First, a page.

Although our experts recommend closed-toe shoes while you’re out on game drives, they say to also bring a pair of flip-flops or sandals for when you’re relaxing back at your home base. “It’s great to have some comfortable flip flops for your tent or your lodge or around the campfire,” says Smith. You’ll also want to wear your flip-flops at the pool if your lodge has one. Brazilian-made Havaianas are an affordable yet stylish option that we’ve written about before.
In the past, we’ve covered how merino-wool socks are ideal for all types of activities including running, biking, and hiking. Their temperature-regulating and moisture-wicking properties also make them perfect for safari. Steinhilber says Smartwool socks will “keep your feet warm on cool nights” and, given their lightness, will also be comfortable on daytime game drives.
Calmeyer says a shawl or pashmina will “never go to waste on safari” because it’s an all-in-one piece that you can use to stay warm, block out the sun, or even zhuzh up your casual clothes for a candlelit dinner back at the lodge. Gordon agrees, telling us she always brings a scarf “to dress everything up, or protect from dust.” Nicole Scherr, a former marketing project manager at Thomson Safaris, likes this specific shawl because it’s lightweight, quick-drying, and has UPF sun protection. “It’s great for the plane because it becomes a small blanket, and it’s also light enough to drape over yourself in the vehicle to protect from getting a burn,” she says.
If you’re not into shawls, a bandana or multipurpose gaiter can help with sun protection and keeping dust off your face. These two are favorites of the Thomson Safaris team. The UV-protective Buff also has built-in insect repellent, which you’ll appreciate when the mosquitoes come out.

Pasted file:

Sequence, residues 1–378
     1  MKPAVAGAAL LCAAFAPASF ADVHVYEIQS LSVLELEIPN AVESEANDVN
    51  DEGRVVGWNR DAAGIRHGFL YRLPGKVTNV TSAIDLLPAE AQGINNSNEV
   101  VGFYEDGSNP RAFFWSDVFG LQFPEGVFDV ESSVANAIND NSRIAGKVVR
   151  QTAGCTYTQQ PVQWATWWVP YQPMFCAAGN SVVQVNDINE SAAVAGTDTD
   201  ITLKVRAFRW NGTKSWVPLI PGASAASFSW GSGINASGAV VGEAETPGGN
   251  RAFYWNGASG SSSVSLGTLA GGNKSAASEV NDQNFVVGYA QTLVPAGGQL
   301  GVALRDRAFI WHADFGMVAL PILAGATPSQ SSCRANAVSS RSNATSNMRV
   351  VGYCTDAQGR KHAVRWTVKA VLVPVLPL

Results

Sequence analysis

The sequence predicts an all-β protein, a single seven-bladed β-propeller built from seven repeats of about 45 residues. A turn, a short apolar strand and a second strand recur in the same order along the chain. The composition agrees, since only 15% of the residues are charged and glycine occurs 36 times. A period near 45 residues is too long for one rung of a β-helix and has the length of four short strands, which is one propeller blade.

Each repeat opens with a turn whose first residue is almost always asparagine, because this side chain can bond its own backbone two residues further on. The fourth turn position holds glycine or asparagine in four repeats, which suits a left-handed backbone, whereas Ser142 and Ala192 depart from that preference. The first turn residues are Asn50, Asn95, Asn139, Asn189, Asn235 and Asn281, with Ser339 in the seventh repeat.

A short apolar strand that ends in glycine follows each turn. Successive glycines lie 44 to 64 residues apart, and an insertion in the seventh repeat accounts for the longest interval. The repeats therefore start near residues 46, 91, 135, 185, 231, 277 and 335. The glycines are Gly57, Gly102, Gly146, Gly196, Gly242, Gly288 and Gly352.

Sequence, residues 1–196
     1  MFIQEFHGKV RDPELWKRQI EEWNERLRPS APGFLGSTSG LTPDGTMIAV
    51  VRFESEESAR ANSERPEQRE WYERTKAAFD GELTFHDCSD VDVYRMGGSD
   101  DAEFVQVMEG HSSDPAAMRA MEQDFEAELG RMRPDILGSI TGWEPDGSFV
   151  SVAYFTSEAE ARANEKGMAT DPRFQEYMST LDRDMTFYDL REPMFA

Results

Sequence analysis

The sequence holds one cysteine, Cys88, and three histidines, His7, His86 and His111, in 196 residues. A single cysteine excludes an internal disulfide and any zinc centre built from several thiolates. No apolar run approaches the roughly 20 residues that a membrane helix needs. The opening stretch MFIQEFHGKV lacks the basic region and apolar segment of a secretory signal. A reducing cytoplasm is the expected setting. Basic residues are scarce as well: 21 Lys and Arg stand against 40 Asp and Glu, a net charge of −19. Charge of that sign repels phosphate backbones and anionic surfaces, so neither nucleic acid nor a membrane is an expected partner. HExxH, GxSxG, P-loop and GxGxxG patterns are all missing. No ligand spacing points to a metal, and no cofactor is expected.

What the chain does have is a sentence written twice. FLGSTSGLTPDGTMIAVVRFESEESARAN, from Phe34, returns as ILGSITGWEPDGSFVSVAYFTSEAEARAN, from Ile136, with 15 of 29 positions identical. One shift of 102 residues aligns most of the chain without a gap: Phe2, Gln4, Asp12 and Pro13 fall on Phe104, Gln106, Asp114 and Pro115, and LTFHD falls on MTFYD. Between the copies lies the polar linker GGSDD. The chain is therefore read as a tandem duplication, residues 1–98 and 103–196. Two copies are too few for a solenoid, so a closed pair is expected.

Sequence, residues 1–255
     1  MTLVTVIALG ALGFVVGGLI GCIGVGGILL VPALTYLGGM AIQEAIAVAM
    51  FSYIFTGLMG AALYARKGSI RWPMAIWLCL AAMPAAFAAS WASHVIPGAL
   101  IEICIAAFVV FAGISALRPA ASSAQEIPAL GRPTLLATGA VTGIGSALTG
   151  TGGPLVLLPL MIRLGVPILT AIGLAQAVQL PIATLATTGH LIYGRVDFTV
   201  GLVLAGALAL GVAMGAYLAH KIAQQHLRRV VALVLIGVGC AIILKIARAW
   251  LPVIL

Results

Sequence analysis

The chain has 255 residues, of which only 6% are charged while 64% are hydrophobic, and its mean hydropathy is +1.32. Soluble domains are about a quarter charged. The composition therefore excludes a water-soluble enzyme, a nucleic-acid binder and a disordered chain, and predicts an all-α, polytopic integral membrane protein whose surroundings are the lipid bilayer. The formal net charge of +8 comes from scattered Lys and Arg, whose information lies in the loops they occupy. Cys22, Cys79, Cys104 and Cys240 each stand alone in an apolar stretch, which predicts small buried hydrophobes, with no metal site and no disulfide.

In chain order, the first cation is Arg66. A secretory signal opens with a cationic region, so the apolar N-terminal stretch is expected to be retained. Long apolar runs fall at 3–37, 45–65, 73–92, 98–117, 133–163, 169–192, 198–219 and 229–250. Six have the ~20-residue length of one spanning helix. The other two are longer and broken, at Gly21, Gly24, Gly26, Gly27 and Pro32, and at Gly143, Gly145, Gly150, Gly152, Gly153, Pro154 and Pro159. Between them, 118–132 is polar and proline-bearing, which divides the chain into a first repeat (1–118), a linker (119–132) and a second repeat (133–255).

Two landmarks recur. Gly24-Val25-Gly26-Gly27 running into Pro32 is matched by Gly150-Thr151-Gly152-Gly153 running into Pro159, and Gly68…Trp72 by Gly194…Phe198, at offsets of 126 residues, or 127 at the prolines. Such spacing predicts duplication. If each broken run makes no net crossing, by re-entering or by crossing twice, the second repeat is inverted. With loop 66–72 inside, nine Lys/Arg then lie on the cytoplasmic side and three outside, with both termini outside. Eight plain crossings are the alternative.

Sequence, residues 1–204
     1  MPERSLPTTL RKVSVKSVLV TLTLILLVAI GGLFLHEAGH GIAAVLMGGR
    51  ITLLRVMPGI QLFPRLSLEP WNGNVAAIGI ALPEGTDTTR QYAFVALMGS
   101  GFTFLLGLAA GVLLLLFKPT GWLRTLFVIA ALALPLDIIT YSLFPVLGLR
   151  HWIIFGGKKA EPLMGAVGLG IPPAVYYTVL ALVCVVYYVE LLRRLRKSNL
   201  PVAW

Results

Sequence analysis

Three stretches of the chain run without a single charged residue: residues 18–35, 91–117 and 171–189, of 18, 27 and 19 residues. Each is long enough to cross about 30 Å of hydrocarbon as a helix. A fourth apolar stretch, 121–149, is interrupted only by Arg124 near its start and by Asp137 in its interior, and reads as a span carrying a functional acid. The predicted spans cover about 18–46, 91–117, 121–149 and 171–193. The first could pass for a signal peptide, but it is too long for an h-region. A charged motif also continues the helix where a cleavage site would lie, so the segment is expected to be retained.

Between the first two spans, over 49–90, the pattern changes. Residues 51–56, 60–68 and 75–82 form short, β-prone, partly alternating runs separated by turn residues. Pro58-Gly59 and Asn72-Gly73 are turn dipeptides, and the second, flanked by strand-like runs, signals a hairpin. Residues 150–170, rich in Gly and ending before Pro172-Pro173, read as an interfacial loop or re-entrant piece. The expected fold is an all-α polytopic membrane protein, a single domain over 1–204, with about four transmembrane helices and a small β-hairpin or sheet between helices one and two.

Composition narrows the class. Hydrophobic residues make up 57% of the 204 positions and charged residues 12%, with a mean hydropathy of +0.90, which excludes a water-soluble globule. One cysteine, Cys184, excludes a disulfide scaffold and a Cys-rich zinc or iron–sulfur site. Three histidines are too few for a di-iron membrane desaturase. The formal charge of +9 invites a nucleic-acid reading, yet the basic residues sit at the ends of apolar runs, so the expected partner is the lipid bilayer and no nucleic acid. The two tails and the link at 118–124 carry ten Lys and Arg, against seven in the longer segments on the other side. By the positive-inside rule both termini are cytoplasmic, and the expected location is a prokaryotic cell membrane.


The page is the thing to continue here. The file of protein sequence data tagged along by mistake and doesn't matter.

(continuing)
Since you’ll be out in the sun for most of the day, all of our experts recommend a hat — both to prevent burning and to keep the sun out of your eyes so you can focus on the wildebeest migration or whatever amazing sight you’ve come across on your drive. Tabuchi recommends “a baseball cap at the very minimum,” but if you want even more coverage, several of our experts suggested a wide-brimmed hat like this one from Tilley, which is a top choice among Thomson Safari guides. It’ll cover the front and back of your neck, and it’s also packable, so you can cram it into your luggage and it will retain its shape when you take it out.
While the classic safari hat above is practical, Gordon admits it’s not the most stylish; she prefers a Panama hat like this one. You’ll get nearly as much sun protection in a bit more fashionable of a package.
“You can’t go on safari without these,” says Steinhilber, and nearly all of our experts agree that a good pair of binoculars will enhance your trip. How close you’re able to get to animals will depend on where exactly you’re going on safari, but Tabuchi explains that in many national parks and game reserves, vehicles are restricted to the road networks, so your driver won’t be able to go off-road to follow a pride of lions or elephants bathing in a river. That’s when binoculars will really come in handy. Although some lodges and game drives provide loaner pairs, Calmeyer says you’ll often end up having to share these with other guests, so it’s worth bringing your own. Gordon adds that “not having binoculars holds you back.”
All binoculars are labeled with two numbers. The first represents the magnification power (for example, “10” means objects will appear ten times bigger than they actually are), and the second is the lens diameter, which determines the field of vision. Binoculars can range in price from under $100 to well into the four figures for a Swarovski pair that Smith calls “the envy of every safari guide and bird enthusiast.” For a safari, Smith says to look for a pair with minimum specs of 8×42, like this mid-range model from Zeiss. With these, Smith says you’ll be able to zoom in on incredible sights like a rhinoceros 1,000 yards away.
If you’re willing to make more of an investment, the Vortex Viper 10×42 are Smith’s personal favorite binoculars. “Those are really good binoculars at a very reasonable price,” he says. “I think the glass is good; it’s stable. I’ve had people compare them with much more expensive binoculars.”
Smartphone cameras are so high-quality these days that experts say you’ll be able to get a lot of great shots with your iPhone — but on safari there are occasions when you’ll want a traditional camera. Like binoculars, a camera will be useful when your drive can’t get close to an animal and your phone camera’s zoom isn’t strong enough to shoot a clear picture from 50 yards away. Tabuchi adds that there are some areas where smartphone photography is banned to protect rhinoceroses, as poachers have used geotagged photos to track down the animals. And, as Gordon points out, if there’s any occasion to break out your fancy cameras and lenses, it’s Africa. Experts say you’ll want a minimum of 300-400mm zoom lenses for shooting at typical safari distances.